Editor’s note: TLAP offers confidential assistance for lawyers, law students, and judges with substance use or mental health issues. Call or text TLAP at 1-800-343-8527 (TLAP) or find more information at tlaphelps.org.

It’s hard to remember a time when I didn’t feel uniquely awful growing up—where I felt deserving of happiness, friendship, and love. I was a weird kid growing up, which probably made the isolation feel worse. But then I discovered alcohol. And alcohol was the miracle for which I had always been searching.

With alcohol, I was the life of the party. I was friendly, charming, and handsome. With alcohol, I felt enjoyed and appreciated in ways that I didn’t think were possible. The lows were awful, but they were worth it to experience the highs—after all, the lows weren’t that much worse than the ones that I had been consistently living with.

Eventually though, the mistakes, the embarrassment, and the harm I caused others caught up with me. My first suicide attempt at 19 was a product of being unable to forgive myself, move forward, and to otherwise deal with life. For most people, that would be a wake-up call. For me, it was an excuse to lean into my drinking and escapism with full force.

For the next five years, I spent every weekend, and most weekdays, drowning myself in booze. And then I added cocaine to the mix. Cocaine was great because it allowed me to drink more than ever, but it helped me maintain the appearance of sobriety (or at least being less intoxicated). By the time I was a 3L in law school, I was binging cocaine and booze five times a week, usually in spurts of 12 hours or longer.

At the end, it didn’t matter to me who I spent time with, or how awful they made me feel, so long as I could get drunk and high and not be alone. A guy who I frequently got drunk and high with also sexually harassed me repeatedly, but he was the only one willing to get high on a Tuesday night, so it kept happening. My girlfriend at the time constantly lied to me, publicly and privately berated me, and drunkenly threw things at me, but her moments of affection were better than being alone—and I figured I could cover up the rest with alcohol and drugs, even if it made me emotionally absent. “Friends” used me as I used them. What few values, redlines, goals, and healthy relationships I had quickly took a back seat to an essentially never-ending high.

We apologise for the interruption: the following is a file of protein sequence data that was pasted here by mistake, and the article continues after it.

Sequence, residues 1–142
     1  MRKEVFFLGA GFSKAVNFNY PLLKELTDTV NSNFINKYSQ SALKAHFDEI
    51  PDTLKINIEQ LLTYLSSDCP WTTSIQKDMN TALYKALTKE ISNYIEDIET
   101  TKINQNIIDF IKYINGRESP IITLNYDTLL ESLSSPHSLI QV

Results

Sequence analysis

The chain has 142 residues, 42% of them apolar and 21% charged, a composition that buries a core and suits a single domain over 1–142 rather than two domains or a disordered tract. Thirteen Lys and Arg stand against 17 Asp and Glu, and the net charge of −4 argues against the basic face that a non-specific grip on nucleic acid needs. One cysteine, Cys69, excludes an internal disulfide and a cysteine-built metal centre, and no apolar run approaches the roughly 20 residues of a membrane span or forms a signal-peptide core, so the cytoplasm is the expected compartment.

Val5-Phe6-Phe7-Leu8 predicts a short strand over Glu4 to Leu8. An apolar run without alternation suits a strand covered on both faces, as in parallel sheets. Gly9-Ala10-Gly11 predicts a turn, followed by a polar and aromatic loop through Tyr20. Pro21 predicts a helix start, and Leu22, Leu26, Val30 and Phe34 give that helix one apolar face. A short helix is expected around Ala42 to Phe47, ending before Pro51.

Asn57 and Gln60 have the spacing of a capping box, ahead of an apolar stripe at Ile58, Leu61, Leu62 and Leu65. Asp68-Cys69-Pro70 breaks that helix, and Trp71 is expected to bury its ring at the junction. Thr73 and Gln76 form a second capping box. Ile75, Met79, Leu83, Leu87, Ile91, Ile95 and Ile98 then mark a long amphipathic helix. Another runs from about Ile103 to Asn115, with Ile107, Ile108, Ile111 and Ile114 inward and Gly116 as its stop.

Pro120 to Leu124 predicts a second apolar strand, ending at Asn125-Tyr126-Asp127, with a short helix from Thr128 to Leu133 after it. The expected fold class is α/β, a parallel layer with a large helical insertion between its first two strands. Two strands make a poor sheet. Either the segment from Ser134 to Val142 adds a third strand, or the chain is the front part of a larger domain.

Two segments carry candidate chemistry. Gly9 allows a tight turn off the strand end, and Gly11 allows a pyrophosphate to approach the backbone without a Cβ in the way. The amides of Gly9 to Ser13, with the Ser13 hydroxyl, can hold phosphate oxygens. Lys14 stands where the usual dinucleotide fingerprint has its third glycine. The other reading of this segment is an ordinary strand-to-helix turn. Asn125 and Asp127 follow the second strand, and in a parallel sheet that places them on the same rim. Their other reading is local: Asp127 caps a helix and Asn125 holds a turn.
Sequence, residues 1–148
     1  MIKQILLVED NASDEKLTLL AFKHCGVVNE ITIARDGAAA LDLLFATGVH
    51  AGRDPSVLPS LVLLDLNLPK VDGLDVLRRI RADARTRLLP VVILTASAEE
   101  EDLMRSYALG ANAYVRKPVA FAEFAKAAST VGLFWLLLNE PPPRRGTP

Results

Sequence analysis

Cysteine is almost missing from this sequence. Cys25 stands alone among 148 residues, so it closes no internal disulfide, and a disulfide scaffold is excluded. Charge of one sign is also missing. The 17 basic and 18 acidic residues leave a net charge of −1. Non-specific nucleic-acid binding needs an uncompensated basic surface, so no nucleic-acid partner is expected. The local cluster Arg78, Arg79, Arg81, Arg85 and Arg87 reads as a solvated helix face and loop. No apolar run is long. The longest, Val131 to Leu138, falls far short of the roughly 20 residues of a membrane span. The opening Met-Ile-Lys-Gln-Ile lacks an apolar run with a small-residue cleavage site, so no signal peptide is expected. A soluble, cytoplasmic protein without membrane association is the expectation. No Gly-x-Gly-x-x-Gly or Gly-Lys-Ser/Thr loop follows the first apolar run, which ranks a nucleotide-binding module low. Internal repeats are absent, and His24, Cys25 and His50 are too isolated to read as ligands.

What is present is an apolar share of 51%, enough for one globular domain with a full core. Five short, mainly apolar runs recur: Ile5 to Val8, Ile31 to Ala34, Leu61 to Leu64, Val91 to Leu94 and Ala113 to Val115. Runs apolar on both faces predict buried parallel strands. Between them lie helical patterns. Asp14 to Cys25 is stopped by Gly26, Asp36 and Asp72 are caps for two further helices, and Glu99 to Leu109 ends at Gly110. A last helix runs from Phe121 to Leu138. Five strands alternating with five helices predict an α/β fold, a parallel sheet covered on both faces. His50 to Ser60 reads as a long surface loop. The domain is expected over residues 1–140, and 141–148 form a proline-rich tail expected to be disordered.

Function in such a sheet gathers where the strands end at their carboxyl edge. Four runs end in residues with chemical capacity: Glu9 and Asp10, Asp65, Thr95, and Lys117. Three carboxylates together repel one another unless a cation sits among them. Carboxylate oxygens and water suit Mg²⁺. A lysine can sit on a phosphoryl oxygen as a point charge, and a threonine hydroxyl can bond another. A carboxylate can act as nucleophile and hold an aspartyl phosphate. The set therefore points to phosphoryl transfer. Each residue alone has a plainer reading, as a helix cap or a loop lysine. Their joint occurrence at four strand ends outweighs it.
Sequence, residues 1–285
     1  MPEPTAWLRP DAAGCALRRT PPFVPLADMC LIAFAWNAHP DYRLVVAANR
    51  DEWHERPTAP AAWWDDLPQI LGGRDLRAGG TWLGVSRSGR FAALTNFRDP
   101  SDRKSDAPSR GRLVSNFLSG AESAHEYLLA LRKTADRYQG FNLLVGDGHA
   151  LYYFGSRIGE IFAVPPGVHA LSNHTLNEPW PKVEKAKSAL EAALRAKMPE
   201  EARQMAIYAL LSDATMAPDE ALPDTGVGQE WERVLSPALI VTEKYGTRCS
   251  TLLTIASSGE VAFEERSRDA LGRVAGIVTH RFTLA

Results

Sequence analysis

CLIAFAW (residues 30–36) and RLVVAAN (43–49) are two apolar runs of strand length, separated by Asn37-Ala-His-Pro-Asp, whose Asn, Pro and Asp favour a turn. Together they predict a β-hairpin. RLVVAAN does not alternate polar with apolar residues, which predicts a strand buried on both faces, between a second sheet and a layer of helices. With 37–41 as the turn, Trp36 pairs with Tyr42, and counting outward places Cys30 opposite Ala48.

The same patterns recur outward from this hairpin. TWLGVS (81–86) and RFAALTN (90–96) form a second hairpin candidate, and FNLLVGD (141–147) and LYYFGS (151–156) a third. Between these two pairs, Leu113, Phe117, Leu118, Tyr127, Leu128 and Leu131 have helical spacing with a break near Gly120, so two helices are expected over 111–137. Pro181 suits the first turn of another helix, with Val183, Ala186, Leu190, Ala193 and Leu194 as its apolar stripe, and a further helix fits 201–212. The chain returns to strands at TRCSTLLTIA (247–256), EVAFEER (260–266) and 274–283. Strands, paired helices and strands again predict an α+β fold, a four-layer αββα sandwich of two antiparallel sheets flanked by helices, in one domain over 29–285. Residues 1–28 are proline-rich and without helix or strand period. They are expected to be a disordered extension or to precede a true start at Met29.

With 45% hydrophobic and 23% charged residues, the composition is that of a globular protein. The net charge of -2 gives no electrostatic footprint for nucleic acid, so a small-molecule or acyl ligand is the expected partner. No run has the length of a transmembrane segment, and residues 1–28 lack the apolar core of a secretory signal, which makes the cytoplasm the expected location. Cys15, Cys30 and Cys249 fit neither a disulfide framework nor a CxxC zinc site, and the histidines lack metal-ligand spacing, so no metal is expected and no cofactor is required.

Things began to unravel as the mounting emotional turmoil began to spill over. As my relationship ended, and the nature of many of those friendships became unavoidably apparent, I reached desperation and once again attempted to take my own life. I was 27 years old. This attempt resulted in a hospital stay but even that couldn’t wake me up. I was quickly back to binging, and it took a few more months of embarrassment before I realized that something needed to change.

I checked myself into rehab, and now, approaching almost a year of sobriety, I can safely say that it was the best decision that I’ve ever made. It undoubtedly saved my life—either from the alcohol and drugs, the depression, or both. It seems corny to say, but I have my life back. I’ve been able to address my long-standing depression. I’ve reminded myself of all the loving and caring people in my life, and I have removed those who contributed either to my addiction or my depression, or both. I get to rediscover myself in a way that I would never have been able to while drinking and using. And I get to be there—really be there—for the people that matter to me.

That’s not to say it’s been easy, but it’s been worth it. I have hard days. Most people do. But it’s been so fulfilling to face life and its problems rather than to run from them like I used to. I only get one day at a time, but every day is a blessing—one that I’m acutely aware of in ways that I never thought possible. If you’re struggling, know that you’re not alone, your past does not define you, and that you can get better.